Afghanistan produces more than 90% of the world's opium, the raw ingredient used to make heroin. Production of the illicit crop is centered in southern Helmand and Kandahar provinces, home base of the Taliban insurgents. Profits from the opium trade fund the Taliban to the tune of an estimated hundred millions of dollars each year.

UNODC said slightly more than 300,000 acres were planted with poppy this year, about the same as last year after declines the two previous years. But because of the plant disease, opium production was estimated at 3,600 metric tons, down 48% from 2009.

The disease is likely spurring opium price increases, UNODC said. Prices declined from 2005 to 2009 as production boomed and stockpiles soared, but now the price is shooting up. Last year, farmers could expect to get $64 per kilogram of opium; this year, the price has nearly tripled, to $169 per kilo.

The stability in poppy cultivation comes despite years of efforts and billions of dollars invested in suppressing the trade. The US spent $250 million on anti-drug efforts in Afghanistan this year alone, according to the State Department's Office of International Narcotics and Law Enforcement (or "drugs and thugs," as Foggy Bottom wits like to call it).

Fedetov, a veteran Russian diplomat who took over the reins of UNODC earlier this year and whose home country is confronting high levels of heroin addiction, said a broader strategy was needed to end Afghan poppy planting. "As long as demand drives this market, there will always be another farmer to replace one we convince to stop cultivating, and another trafficker to replace one we catch," he said.

Afghanistan

Drug Economics in Burma’s New Political Order

Location: 
Myanmar
Drug prohibition has not been successful at stopping the production of opium or keeping foreign governments from being corrupted. Burma remains the world’s second-largest opium producer after Afghanistan, and processed 330 metric tonnes, or 17 per cent, of last year’s world supply, according to the UN Office on Drugs and Crime (UNODC) 2010 World Drug Report. Poppy cultivation has also been on a steady incline for the past three years.
Publication/Source: 
Mizzima News (India)
URL: 
http://www.mizzima.com/news/inside-burma/4216-drug-economics-in-burmas-new-political-order.html

Afghan border police chief on trial over drug smuggling

Location: 
Afghanistan
With hundreds of billions of dollars involved, drug prohibition seems to corrupt at all levels. Now, a 60-year-old former Afghan police general who was in charge of border police in the three western provinces of Herat, Farah and Badghis is on trial for corruption charges -- accepting tens of thousands of dollars -- involved in the smuggling of 1,450 pounds of opium across the country's western border to Iran.
Publication/Source: 
Agence France-Presse (France)
URL: 
http://www.google.com/hostednews/afp/article/ALeqM5jXtulW2JS7lZKmL6OJy8LKRCSv0w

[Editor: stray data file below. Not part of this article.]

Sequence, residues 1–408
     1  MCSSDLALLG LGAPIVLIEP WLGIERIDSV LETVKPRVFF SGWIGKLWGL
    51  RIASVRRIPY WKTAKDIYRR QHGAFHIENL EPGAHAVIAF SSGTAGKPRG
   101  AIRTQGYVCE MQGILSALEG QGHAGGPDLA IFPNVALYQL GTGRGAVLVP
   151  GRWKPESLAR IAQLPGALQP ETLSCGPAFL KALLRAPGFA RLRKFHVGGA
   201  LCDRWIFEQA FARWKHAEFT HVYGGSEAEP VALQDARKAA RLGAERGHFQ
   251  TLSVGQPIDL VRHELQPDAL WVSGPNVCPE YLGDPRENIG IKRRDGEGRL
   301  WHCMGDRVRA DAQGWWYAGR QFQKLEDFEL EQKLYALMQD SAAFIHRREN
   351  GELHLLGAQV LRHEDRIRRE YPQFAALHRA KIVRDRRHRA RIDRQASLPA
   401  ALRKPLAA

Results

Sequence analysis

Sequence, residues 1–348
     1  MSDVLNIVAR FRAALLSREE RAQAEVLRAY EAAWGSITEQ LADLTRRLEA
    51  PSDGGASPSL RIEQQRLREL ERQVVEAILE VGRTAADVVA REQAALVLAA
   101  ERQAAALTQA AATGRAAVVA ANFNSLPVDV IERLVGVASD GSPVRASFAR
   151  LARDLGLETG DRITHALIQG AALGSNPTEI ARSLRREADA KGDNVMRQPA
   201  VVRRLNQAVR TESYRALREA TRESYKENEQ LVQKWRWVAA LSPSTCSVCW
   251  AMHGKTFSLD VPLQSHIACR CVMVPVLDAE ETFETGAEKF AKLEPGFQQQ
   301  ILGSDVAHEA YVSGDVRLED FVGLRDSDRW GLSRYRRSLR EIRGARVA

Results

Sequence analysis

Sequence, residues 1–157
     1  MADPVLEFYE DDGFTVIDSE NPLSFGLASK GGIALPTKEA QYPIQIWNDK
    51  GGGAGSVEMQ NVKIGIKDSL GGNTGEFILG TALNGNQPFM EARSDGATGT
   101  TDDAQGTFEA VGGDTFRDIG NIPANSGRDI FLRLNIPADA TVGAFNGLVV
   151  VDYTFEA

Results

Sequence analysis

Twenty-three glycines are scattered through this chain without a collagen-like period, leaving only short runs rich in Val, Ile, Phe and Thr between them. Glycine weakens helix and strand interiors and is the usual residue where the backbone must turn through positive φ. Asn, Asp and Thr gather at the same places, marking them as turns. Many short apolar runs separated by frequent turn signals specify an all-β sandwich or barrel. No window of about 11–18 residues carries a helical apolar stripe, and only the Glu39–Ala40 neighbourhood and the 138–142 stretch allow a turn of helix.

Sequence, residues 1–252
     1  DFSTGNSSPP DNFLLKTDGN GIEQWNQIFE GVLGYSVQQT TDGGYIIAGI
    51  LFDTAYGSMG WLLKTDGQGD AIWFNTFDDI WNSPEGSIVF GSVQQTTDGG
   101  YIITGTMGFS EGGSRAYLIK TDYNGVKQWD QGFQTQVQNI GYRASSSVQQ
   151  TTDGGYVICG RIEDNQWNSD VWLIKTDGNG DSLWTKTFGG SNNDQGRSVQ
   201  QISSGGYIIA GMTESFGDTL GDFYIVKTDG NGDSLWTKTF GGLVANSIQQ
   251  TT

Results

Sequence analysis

Afghanistan: Fungus Afflicts Poppy Crop, Farmers Blame US, NATO

Opium production in Afghanistan could be reduced by as much as a quarter this year because a fungal disease is afflicting the crop, UN Office on Drugs and Crime head Antonio Maria Costa told the BBC Wednesday. Farmers are quick to point the finger at the US and NATO, although evidence that the disease is anything but a natural phenomenon is lacking.

http://stopthedrugwar.com/files/nejat3.jpg
anti-opium posters, Nejat Center, Kabul
Costa said the fungus may have infected half the country's poppy crop. He added that opium prices had increased by about 50% in the areas affected.

Afghanistan produces more than 90% of the world's illicit opium. Increasing prices could mean increased revenues for Taliban insurgents, Costa suggested. The Taliban is sitting on large stockpiles of opium left from record levels of production in the last few years.

The fungus is appearing primarily in Helmand and Kandahar provinces, the heartland of both the Taliban and current Afghan opium production. US and NATO forces are about to launch major offensives in the area to try to clear and secure it. In a bid to win popular support in the region, the US has backed away from previously supported eradication campaigns, choosing instead to target drug traffickers linked to the insurgents. In the Bush administration, some officials had argued for the use of aerial spraying of herbicides, but that was rejected.

Still, some farmers think the US and NATO are poisoning their crops. Farmer Haji Mohammad in Nawzad told the BBC that he had seen a dramatic reduction in the amount of opium he was able to harvest. He described the fungus as an "aerial spray." He said his poppy harvest had shrunk 990 pounds last year to nine pounds this year.

"[It]... has affected my wheat cultivation and my chickens and other animals as well," he said. "The powder sprayed has a white color and I think it is chemical and if you squeeze it in your hand, water comes out of it."

Other farmers in the region also said they had seen a white substance on their crops. They, too, reported extensive crop damage and that livestock had been affected.

But Costa denied that the West was using biological warfare in Afghanistan. "I don't see any reasons to believe something of that sort," he said. "Opium plants have been affected in Afghanistan on a periodic basis."